Matthew 28:1–10 • After the Sabbath, at dawn on the first day of the week, Mary Magdalene and the other Mary came to look at the tomb. Look, there was a great earthquake, for an angel from the Lord came down from heaven. Coming to the stone, he rolled it away and sat on it. Now his face was like lightning and his clothes as white as snow. The guards were so terrified of him that they shook with fear and became like dead men. But the angel said to the women, “Don’t be afraid. I know that you are looking for Jesus who was crucified. He isn’t here, because he’s been raised from the dead, just as he said. Come, see the place where they laid him. Now hurry, go and tell his disciples, ‘He’s been raised from the dead. He’s going on ahead of you to Galilee. You will see him there.’ I’ve given the message to you.”
With great fear and excitement, they hurried away from the tomb and ran to tell his disciples. But Jesus met them and greeted them. They came and grabbed his feet and worshipped him. Then Jesus said to them, “Don’t be afraid. Go and tell my brothers that I am going into Galilee. They will see me there.”


It was Benjamin Franklin who famously quipped that the only two things that were certain in life were “Death and Taxes.” And taxes were due last week. It is a strange quirk of human experience that death is at once the great certainty and also that great cause of uncertainty.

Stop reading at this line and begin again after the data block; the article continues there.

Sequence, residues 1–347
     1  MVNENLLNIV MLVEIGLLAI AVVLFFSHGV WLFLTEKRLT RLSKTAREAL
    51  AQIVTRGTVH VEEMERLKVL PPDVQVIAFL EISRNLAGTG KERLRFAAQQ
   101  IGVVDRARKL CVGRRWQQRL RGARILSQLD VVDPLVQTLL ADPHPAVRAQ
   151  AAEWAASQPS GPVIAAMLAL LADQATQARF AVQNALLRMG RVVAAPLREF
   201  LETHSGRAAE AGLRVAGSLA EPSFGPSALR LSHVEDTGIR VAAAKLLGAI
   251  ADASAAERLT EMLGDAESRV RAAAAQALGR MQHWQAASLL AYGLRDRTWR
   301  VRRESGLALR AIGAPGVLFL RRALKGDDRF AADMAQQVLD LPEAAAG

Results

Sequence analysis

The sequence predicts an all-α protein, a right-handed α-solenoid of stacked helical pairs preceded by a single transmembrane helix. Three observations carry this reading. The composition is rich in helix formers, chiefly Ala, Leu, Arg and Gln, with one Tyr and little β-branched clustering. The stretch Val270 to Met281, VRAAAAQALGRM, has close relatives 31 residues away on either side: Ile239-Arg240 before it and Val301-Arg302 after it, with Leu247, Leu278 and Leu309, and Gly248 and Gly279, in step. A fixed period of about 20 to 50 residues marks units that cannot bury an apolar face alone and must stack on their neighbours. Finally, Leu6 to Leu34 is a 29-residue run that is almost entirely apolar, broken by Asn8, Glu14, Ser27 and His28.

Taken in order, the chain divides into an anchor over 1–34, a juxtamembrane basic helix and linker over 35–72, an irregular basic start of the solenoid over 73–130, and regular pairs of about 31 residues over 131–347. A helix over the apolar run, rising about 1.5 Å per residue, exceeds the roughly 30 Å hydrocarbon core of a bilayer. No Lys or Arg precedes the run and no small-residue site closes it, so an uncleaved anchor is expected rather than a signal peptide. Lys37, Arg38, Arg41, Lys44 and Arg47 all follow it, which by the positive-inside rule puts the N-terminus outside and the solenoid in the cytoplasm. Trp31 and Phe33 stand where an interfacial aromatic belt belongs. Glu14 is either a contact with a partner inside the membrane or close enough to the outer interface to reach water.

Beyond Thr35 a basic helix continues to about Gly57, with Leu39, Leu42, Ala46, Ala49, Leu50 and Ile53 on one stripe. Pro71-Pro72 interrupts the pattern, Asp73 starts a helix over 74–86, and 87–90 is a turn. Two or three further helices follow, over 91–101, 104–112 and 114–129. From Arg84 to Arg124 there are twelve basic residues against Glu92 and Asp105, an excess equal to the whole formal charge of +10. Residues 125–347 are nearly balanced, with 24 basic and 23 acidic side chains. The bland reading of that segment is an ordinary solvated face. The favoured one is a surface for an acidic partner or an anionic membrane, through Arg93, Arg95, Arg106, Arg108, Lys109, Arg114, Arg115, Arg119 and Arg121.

About this Sermon
Part 10 of the series “Lent and Easter with Game of Thrones
Rev. Mark Schaefer
Kay Spiritual Life Center, American University
April 20, 2014—Easter Sunday
Matthew 28:1-10

See, with rare exception, we do not know the hour or manner of our deaths. And this creates anxiety for us. A great unknowing.

Now, I realize that I am speaking to a congregation of people whose neural development thus far by and large prevents them from seriously contemplating their own mortality. It’s why young people take ridiculous risks and drive too fast and text while driving and all other kinds of mortality-defying behaviors well into their twenties. It may also be a kindness; I shudder to think of what our emotional development would be like as children if on top of having to navigate the complex social structures of elementary, middle, and high school if we had to add to it the existential angst of dealing with our own mortality. Asking a girl to the prom is hard enough without having to factor into it the dread of the certainty of the grave.

But it is a certainty that does cast a shadow over the human experience: we will all die. Valar morghulis.

And the Great Uncertainty thus created is a source of a great amount of fear. Some of that fear is hardwired into us: we hear a loud noise or see sudden movement and our adrenaline spikes, ready to carry us to a place of safety, away from the peril that has presented itself to us. Our survival mechanisms are built on fear of imminent death. Evolutionarily speaking, they wouldn’t be much use to us if they weren’t, if instead they prompted us to thoughtful reflection: “Now, what are the chances that there actually is a saber-tooth tiger over there on those weeds? I wonder if I should gather more data before jumping to any—”